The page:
What I like:
Art / Kunst
Humor / Funny Stuff
Bazon Brock (My Avatar)
Düsseldorf (My Hometown)
Valentine Laroche (Μοῦσα)
-Helmut Newton / Vanessa Beecroft
-Bettina Rheims / Spencer Tunick
-Andrea Gursky / Jürgen Teller
-David Hamilton (photographer)
-Peter Lindbergh (photographer)
What I don't like:
Niagara - Kleiderschrank Tests für Marilyn Monroe in der Rolle der Rose Loomis.
Die Kostüme wurden von Dorothy Jeakins konzipiert.
final scene of "You Were Never Lovelier" (1942)
The incomparable Hazel Scott playing two grand pianos in The Heat’s On (1943)
New piece by net artist Yung Jake who combines R&B pop with app aesthetics to create music video experiences, with a song about break-ups in the time of social media - video embedded below:Yung Jake makes his MOCAtv debut with “Unfollow,” a music video about being haunted by the shadows of a relationship and the abundance of social media. To the internet rapper, the unfollow button is the only tool he has to move on from a relationship. But just as former flames run into one another IRL, the spread of imagery online continues to bring him to the past. Like his hero Drake, Yung Jake swags out his state of emotional vulnerability, inundating viewers with screens, feeds and braggadocio, so as to transform pathos into envy.
Online exhibition and documentary on the craft and decline of the neon sign industry in Hong Kong. As well as an online map which locates where any remaining signs would exist, there is a fascinating documentary short featuring craftsmen whose livelihood have been affected by the introduction of the LED light:
NEONSIGNS.HK is an interactive, online exhibition dedicated to exploring, mapping and documenting Hong Kong’s neon signs. The seventh in the Mobile M+ exhibition series, NEONSIGNS.HK invites the public to post images and stories of their favourite neon signs to its Neon Map, and to rediscover these compelling features of the city’s streetscapes from the perspectives of design and urbanism, visual art, cinema, literature and popular culture.
From 21 March to 30 June, 2014, the NEONSIGNS.HK website will be actively updated with new content, ranging from essays and slideshows to videos, specially-commissioned projects and news about offline tours, talks and workshops. M+ has begun acquiring, for its permanent collection, notable Hong Kong neon signs that are otherwise at risk of being lost. As such, the aim of NEONSIGNS.HK is to enhance the understanding of these fast-disappearing and under-researched fixtures of the city’s urban landscape, while eliciting the public’s help in identifying and contributing knowledge about the neon signs that remain.
The highly recommended short film can be found here
The project’s main webpage can be found here
From Wikipedia: “In physics, mathematics, and art, a moiré pattern is a secondary and visually evident superimposed pattern created, for example, when two identical (usually transparent) patterns on a flat or curved surface (such as closely spaced straight lines drawn radiating from a point or taking the form of a grid) are overlaid while displaced or rotated a small amount from one another”.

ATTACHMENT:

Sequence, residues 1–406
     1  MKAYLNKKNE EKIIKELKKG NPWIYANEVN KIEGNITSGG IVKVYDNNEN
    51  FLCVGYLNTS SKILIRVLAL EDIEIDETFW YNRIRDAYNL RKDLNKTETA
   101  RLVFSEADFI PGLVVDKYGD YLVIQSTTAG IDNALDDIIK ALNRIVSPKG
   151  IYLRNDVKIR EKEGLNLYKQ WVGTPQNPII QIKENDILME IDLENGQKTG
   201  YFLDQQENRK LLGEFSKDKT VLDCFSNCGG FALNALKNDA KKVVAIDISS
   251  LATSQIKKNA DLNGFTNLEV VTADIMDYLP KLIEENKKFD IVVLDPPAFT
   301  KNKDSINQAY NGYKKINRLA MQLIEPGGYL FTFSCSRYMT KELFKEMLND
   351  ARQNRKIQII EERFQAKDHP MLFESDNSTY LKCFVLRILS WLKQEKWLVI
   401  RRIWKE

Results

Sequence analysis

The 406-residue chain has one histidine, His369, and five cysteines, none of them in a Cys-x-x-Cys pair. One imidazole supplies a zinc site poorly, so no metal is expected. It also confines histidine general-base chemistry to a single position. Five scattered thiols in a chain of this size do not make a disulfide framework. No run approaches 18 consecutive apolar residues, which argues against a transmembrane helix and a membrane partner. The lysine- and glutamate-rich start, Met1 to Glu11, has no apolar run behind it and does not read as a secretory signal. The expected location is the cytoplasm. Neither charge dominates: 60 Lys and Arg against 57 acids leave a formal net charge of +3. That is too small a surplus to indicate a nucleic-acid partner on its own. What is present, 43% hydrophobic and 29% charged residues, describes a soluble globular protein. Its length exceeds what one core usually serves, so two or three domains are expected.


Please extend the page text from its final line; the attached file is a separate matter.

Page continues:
You probably see moiré patterns every day! We are surrounded by grids and lines that can overlap to form these patterns. Maybe you’ve seen a television show that had a character wearing a striped shirt that looked a little bit like this. Or maybe you’ve seen overlapping mesh. Mesh can form very visible moiré patterns. I created a gif from Paul Nylander’s video of an IKEA waste basket displaying very obvious moiré patterns:
Moire patterns can be used to create art. Above are GIFs of a book called Poemotion created by a Japanese designer named Takahiro Kurashima. It’s pages are filled with an assortment of patterns. From Poemotion’s publisher, ”Poemotion is an interactive book-object. The abstract graphical patterns in this small volume are set in motion as soon as you move the attached special foil across them. Moiré effects allow complex forms to develop, set circles in motion and make graphical patterns vibrate.” Click here to watch a very cool Vimeo about Poemotion.
Randy Scott Slavin is an award-winning director and surrealist photographer based in New York City. He is widely known for his powerful music videos and branded productions that mash up clever concepts with bold imagery, and channel the energy of pop culture. In the series of photographic work Alternate perspectives, he presents surrealist scenes which tunnel both landscapes and urban centers into mysterious vortexes. The artist’s initial work with spherical panoramas led him to the world of stereographic projection, the mapping of a three-dimensionally rounded image onto a flat plane. (src. Artist’s biography & Designboom)
David Harber, UK. Polished stainless steel portal. Awesome!
Every David Harber creation is, in essence, a sculpture.
David is inspired by the abstract qualities of light, shadow, reflection and organic structure, and delights in exploring the juxtaposition of contrasting yet complementary materials.
His latest works are the Heaven and Earth series, combining oxidised and mirror-polished stainless steel to create dramatic and contemporary forms.- See more at: http://www.davidharber.co.uk/sculpture.htm#sthash.oeH3Ibzc.dpuf